Blood group A enhances SARS-CoV-2 infection.

Wu S-C, Arthur CM, Jan H-M, Garcia-Beltran WF, Patel KR, Rathgeber MF, Verkerke HP, Cheedarla N, Jajosky RP, Paul A, et al. Blood group A enhances SARS-CoV-2 infection. Blood. 2023;142(8):742–747.


Among the risk factors for severe acute respiratory syndrome coronavirus 2 (SARS-CoV-2), ABO(H) blood group antigens are among the most recognized predictors of infection. However, the mechanisms by which ABO(H) antigens influence susceptibility to COVID-19 remain incompletely understood. The receptor-binding domain (RBD) of SARS-CoV-2, which facilitates host cell engagement, bears significant similarity to galectins, an ancient family of carbohydrate-binding proteins. Because ABO(H) blood group antigens are carbohydrates, we compared the glycan-binding specificity of SARS-CoV-2 RBD with that of galectins. Similar to the binding profile of several galectins, the RBDs of SARS-CoV-2, including Delta and Omicron variants, exhibited specificity for blood group A. Not only did each RBD recognize blood group A in a glycan array format, but each SARS-CoV-2 virus also displayed a preferential ability to infect blood group A-expressing cells. Preincubation of blood group A cells with a blood group-binding galectin specifically inhibited the blood group A enhancement of SARS-CoV-2 infection, whereas similar incubation with a galectin that does not recognize blood group antigens failed to impact SARS-CoV-2 infection. These results demonstrated that SARS-CoV-2 can engage blood group A, providing a direct link between ABO(H) blood group expression and SARS-CoV-2 infection.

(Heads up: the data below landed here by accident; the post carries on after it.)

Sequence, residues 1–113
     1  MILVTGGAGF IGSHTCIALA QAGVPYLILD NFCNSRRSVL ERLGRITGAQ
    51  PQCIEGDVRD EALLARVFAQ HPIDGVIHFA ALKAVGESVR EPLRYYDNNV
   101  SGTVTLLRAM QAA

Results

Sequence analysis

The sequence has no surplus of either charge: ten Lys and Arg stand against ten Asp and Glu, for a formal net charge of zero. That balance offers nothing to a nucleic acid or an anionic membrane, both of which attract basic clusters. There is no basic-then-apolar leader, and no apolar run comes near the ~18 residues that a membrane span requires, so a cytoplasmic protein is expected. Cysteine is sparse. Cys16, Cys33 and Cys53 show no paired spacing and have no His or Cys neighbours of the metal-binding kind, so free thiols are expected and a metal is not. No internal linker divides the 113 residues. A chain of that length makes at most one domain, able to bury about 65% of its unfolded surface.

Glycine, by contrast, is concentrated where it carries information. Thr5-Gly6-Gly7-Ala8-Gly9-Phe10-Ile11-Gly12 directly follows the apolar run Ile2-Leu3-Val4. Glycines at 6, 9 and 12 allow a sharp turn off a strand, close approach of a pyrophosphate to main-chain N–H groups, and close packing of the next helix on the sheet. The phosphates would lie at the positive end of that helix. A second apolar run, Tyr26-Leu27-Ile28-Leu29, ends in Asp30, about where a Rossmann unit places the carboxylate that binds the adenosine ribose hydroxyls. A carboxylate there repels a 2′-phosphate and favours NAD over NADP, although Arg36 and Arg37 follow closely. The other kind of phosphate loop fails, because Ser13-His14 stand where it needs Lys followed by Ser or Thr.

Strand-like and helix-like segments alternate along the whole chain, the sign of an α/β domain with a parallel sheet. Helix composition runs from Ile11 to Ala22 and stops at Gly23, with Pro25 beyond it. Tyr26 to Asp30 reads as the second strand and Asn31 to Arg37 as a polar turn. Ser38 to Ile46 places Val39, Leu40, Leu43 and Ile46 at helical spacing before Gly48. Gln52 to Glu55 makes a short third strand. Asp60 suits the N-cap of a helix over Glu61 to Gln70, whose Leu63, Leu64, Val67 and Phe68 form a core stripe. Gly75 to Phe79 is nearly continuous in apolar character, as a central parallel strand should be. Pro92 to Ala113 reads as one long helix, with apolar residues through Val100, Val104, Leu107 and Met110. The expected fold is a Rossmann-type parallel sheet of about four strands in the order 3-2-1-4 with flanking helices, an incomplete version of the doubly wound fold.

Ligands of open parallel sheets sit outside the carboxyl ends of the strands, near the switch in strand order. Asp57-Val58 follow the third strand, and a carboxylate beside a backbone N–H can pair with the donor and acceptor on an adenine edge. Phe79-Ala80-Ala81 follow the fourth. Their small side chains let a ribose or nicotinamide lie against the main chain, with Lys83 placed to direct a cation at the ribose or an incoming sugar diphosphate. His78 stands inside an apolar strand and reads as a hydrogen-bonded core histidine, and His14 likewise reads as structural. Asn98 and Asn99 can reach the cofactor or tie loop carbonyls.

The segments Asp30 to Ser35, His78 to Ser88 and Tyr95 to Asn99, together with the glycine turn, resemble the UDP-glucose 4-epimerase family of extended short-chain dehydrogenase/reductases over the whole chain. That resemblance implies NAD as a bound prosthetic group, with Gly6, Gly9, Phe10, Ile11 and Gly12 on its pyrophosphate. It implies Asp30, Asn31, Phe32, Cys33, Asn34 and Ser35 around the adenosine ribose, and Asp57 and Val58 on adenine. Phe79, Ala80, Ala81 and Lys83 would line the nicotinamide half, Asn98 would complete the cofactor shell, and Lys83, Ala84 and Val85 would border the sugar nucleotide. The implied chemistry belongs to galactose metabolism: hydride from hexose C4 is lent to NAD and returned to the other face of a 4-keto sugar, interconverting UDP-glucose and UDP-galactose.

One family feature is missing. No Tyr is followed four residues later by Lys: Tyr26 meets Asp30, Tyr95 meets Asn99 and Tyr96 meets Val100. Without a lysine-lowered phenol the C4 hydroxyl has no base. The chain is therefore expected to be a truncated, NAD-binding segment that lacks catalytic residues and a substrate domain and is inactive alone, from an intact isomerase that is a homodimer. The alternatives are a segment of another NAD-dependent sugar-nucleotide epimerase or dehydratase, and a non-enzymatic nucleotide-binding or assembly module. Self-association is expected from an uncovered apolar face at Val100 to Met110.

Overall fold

Last updated on 05/08/2024